Female police officer claims sexual harassment drove her to drink

On Behalf of | Jun 28, 2013 | Sexual Harassment At Work

A female member of the New York Police Department has filed a sexual harassment suit against her supervisor alleging he made suggestive remarks about her body and touched her inappropriately. A subsequent psychiatric exam concluded the stress caused by the incidents drove the defendant to excessive use of alcohol.

The female officer alleges the sexual harassment began shortly after she joined the force as a rookie. She has cited several examples, including claims her precinct lieutenant had slid his hands up and down her back explaining he was checking to see she was wearing a bullet-proof vest, inviting her to his home when his wife was not present and making comments about her body, as well as inappropriate hugging when she returned from sick leave. The lieutenant had boasted openly that he was untouchable due to his close relationship with the department chief.

The charges of sexual discrimination have been filed in the Brooklyn Federal Court. Although her lieutenant has denied all charges of sexual misconduct, he was officially reprimanded, docked 10 vacation days and required to attend a department seminar on professional behavior in the workplace.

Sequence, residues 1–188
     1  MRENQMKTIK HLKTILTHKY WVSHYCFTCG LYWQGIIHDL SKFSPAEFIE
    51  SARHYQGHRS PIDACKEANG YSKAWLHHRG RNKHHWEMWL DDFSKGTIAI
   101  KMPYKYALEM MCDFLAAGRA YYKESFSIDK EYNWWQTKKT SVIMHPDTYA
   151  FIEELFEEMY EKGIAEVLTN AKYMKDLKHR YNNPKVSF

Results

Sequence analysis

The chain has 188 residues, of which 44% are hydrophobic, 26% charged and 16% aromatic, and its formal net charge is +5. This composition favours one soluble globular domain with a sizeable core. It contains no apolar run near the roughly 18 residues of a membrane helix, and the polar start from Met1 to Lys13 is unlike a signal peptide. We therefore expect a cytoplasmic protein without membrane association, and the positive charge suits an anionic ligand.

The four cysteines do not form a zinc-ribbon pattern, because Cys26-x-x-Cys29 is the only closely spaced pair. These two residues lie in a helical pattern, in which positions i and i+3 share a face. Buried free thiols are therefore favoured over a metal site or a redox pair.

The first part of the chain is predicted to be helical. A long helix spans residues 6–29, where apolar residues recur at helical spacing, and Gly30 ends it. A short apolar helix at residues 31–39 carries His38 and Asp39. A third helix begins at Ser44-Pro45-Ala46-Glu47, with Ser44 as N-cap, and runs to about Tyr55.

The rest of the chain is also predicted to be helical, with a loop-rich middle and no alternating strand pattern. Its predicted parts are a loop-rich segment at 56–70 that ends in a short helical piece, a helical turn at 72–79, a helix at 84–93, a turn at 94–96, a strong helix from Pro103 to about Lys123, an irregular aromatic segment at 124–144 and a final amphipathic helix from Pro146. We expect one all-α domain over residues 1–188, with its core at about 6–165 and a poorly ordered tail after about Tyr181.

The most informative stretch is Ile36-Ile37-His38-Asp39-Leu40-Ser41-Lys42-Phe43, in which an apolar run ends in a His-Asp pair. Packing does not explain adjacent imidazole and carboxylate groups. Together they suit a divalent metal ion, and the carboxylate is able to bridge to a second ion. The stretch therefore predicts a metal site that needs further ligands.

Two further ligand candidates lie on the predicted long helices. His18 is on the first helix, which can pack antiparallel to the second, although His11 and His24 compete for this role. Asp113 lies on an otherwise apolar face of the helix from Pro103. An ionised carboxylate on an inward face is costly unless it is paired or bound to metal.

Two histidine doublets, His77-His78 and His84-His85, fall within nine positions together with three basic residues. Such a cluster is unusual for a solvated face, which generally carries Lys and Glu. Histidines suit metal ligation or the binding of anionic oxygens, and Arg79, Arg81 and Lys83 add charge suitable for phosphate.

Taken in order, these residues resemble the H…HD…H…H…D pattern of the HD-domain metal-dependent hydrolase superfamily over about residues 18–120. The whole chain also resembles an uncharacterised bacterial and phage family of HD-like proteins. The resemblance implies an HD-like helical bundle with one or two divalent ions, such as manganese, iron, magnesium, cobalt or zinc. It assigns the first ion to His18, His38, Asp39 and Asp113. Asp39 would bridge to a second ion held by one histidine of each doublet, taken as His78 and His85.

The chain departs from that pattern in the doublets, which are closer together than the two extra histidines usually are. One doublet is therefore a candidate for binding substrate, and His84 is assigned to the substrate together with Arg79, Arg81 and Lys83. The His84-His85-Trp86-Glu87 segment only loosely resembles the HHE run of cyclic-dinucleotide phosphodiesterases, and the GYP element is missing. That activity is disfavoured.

When the female officer complained to her superiors the situation at work was causing her undue stress and anxiety she was sent to a department psychiatrist. It was concluded she was using alcohol to deal with the hostile work environment, and was recommended for treatment. When she refused to attend rehabilitation, she was suspended for a month. The department has scheduled a hearing to investigate why she disobeyed that order.

Legal advisors for the defendant state that the officer has a positive employment record and was not only a victim of sexual misconduct, but also labeled an alcoholic and subjected to unfair disciplinary action.

If you believe you or a loved one is a victim of sexual harassment at the workplace, it is important that you consult with an attorney who can properly advise you of your rights based on laws pertaining to unwanted sexual advances on the job.

New York Daily News, “‘Terribly abused’ female police officer files sexual harassment lawsuit against lieutenant” John Marzulli, Jun. 17, 2013

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